For starters, forcing migration without having an alternative already in place on multiple smart home platforms was just asking for trouble. For example, Nest users who chose to operate their homes through Amazon Echo devices were screwed once the old Nest Alexa skill was murdered. The new Google Nest Skill not only forces users to migrate accounts, it makes you disable previous Works with Nest skills. Now if you peruse the reviews on the Google Nest skill, you’ll see plenty of 1-star customer ratings noting that setups that once worked flawlessly are now useless. Likewise, with this Philips Hue news, you’ll have more Nest users who might now have to figure out new ways to keep their routines — or devise new ways of using their devices entirely.

Philips Hue advises in a blog that Nest users either link their Philips Hue account to the Google Home app, read up on how to set up Routines, and then possibly explore the Hue Labs formula. This…isn’t all that helpful if you’ve already invested in using Nest with Amazon Echo devices, however. Then again, you could just throw out all your Echo devices and re-buy cheaper Google Nest speakers and hubs like Google wants you to do. Alternatively, you could go through If This Then That (IFTTT), but that service also recently limited its free tier to three applets, meaning you’ll have to pay a monthly fee if you want more advanced automations. Or, maybe, you could just buy a HomeBridge or yet another device like the Starling Home Hub to jerry rig it through HomeKit if you’ve sufficiently bought into the Apple ecosystem. Or, you could just ditch Nest completely and opt for another company’s smart thermostat or cameras. Or you could just have at least one Alexa, Google Assistant, and Siri smart speaker in your home, like I do, and build routines on each so that you never have to worry about a broken smart home. (Unless of course, you buy from a smaller company that has a high probability of eventually going out of business, leaving you with a bricked gadget.)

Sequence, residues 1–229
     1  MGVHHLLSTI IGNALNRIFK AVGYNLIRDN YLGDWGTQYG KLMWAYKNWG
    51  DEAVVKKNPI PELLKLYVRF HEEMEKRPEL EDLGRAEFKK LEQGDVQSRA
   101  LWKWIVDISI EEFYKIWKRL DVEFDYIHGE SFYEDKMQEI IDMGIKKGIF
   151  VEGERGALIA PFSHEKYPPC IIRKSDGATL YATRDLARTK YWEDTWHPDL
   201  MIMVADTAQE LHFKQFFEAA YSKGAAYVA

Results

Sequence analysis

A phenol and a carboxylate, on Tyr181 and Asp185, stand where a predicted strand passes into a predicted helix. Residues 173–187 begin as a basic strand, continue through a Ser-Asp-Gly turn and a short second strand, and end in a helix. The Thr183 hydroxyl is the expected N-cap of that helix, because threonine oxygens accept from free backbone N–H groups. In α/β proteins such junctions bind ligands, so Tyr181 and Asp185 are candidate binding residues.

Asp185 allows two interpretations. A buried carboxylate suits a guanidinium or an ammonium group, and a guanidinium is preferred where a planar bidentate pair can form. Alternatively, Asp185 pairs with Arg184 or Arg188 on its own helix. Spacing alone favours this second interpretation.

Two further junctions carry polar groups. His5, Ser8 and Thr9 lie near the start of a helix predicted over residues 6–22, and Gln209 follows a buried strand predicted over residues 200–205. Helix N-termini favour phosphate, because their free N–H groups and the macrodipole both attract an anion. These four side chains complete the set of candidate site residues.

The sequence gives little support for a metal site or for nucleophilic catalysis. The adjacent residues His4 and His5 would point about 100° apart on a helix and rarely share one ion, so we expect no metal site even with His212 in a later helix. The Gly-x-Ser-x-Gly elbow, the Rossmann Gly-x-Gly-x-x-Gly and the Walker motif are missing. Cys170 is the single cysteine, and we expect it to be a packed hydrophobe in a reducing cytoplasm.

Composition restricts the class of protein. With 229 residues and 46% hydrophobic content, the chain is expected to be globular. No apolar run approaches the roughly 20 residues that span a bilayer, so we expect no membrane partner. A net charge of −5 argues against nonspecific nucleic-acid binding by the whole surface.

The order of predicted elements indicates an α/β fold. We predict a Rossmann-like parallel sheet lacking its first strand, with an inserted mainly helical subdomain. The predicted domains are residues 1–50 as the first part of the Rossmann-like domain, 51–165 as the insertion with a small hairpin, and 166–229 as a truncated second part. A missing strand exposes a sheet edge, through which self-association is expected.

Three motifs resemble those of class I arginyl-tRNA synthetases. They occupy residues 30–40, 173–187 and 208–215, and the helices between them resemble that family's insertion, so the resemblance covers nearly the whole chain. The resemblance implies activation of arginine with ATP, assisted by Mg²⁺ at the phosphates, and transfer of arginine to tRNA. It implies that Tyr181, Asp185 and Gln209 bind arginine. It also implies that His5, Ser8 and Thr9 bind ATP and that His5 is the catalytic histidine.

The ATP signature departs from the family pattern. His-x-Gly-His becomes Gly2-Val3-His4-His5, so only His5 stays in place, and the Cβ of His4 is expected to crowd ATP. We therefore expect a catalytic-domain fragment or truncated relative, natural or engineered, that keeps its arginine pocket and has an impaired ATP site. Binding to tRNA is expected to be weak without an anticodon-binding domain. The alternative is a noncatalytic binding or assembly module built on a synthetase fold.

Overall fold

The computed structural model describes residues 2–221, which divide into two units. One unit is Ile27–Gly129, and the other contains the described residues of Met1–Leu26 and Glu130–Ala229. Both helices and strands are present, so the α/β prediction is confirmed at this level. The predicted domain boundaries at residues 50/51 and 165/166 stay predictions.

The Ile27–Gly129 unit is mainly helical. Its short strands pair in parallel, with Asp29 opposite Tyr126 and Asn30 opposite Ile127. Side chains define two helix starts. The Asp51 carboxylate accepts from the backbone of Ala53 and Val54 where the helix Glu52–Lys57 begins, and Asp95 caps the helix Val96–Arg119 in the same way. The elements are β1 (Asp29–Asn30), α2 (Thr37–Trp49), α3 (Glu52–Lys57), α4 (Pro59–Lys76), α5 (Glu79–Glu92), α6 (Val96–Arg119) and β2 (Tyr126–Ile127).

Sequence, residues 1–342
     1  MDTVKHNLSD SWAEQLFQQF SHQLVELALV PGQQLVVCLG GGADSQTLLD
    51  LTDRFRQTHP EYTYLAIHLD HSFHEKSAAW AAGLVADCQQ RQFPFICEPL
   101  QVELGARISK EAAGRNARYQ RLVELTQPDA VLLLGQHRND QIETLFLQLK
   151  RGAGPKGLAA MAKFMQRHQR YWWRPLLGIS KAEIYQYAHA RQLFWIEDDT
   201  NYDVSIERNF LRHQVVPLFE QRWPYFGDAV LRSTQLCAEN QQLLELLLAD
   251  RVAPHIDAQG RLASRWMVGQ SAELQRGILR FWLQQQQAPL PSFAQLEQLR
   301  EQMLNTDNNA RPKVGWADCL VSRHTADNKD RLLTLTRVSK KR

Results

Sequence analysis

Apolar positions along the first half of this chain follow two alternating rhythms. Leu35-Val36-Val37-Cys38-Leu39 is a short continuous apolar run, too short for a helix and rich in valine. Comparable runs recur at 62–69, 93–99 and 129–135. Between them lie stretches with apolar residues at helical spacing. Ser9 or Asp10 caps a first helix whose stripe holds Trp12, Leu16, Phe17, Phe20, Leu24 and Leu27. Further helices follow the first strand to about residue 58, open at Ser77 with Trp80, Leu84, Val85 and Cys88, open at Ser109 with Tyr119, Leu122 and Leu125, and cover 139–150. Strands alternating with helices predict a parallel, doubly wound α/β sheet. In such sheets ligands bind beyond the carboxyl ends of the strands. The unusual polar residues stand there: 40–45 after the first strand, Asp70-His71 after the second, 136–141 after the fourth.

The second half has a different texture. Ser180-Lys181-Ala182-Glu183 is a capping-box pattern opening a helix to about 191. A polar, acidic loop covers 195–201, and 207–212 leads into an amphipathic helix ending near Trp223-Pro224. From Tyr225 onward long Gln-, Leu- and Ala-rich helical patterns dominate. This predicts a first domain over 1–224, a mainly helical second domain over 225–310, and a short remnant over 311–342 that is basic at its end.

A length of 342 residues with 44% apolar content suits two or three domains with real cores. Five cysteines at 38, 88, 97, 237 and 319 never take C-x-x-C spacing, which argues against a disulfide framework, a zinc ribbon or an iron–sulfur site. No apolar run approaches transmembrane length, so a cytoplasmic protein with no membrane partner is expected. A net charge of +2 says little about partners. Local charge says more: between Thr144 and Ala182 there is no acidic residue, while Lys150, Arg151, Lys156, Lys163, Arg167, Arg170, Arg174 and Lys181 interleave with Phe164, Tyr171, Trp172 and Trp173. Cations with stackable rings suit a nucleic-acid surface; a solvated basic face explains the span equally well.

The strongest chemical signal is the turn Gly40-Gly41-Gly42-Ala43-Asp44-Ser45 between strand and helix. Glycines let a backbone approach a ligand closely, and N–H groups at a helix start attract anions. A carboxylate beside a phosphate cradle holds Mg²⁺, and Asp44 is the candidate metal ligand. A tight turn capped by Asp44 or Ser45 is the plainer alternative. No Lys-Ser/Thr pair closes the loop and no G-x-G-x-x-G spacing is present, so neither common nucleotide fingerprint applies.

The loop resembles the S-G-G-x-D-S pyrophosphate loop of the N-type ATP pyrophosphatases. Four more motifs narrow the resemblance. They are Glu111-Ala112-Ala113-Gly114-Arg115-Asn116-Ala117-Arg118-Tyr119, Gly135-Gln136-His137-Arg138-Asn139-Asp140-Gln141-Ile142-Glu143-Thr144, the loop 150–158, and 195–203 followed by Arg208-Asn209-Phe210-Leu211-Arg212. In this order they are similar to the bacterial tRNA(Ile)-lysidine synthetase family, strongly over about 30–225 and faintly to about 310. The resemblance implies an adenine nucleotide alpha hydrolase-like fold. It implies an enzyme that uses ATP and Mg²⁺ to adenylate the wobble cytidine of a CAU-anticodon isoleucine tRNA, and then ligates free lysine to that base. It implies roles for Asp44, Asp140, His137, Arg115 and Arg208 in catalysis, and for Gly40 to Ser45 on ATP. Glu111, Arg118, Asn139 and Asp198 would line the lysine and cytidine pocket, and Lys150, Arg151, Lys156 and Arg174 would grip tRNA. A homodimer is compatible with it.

Any way you slice it, this is exactly the sort of ripple effect that regularly makes smart home users tear their hair out in frustration. It doesn’t matter that technically this has been in the works for a very long time. In an ideal world, Google would have replicated Works with Nest features fully into Google Home before killing the former. Ideally, full-featured solutions would’ve been rolled out to other platforms — like Amazon Alexa and HomeKit — before all this, too. But, nah, tech giants are petty when it comes to cultivating their walled gardens and the real “losers” are the consumers who don’t go all-in with one company’s suite of products.

But the end result is you get folks who are just fed up with constantly fixing their broken smart homes. You get people staring at their lightbulbs before a move, dreading the nightmare of re-configuring routines and labelling which lightbulb is paired as what in their apps, wondering why, oh why, they didn’t just stick with “dumb” lighting. Honestly, until these companies learn how to play nice and let the consumer reliably build out their homes however they want, the smart home is never going to reach its full potential.